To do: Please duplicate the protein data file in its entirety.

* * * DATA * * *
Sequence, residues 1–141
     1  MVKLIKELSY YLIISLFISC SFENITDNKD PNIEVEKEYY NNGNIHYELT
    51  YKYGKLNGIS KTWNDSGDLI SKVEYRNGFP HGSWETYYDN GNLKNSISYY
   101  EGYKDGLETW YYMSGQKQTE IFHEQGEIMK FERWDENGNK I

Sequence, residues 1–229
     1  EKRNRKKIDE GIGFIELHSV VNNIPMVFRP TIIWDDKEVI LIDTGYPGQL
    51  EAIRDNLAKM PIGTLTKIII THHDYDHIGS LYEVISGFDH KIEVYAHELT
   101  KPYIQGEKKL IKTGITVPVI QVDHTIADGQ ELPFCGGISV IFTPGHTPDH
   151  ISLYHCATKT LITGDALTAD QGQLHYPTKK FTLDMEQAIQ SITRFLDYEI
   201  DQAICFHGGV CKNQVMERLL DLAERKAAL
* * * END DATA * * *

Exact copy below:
Sequence, residues 1–141
     1  MVKLIKELSY YLIISLFISC SFENITDNKD PNIEVEKEYY NNGNIHYELT
    51  YKYGKLNGIS KTWNDSGDLI SKVEYRNGFP HGSWETYYDN GNLKNSISYY
   101  EGYKDGLETW YYMSGQKQTE IFHEQGEIMK FERWDENGNK I

Sequence, residues 1–229
     1  EKRNRKKIDE GIGFIELHSV VNNIPMVFRP TIIWDDKEVI LIDTGYPGQL
    51  EAIRDNLAKM PIGTLTKIII THHDYDHIGS LYEVISGFDH KIEVYAHELT
   101  KPYIQGEKKL IKTGITVPVI QVDHTIADGQ ELPFCGGISV IFTPGHTPDH
   151  ISLYHCATKT LITGDALTAD QGQLHYPTKK FTLDMEQAIQ SITRFLDYEI
   201  DQAICFHGGV CKNQVMERLL DLAERKAAL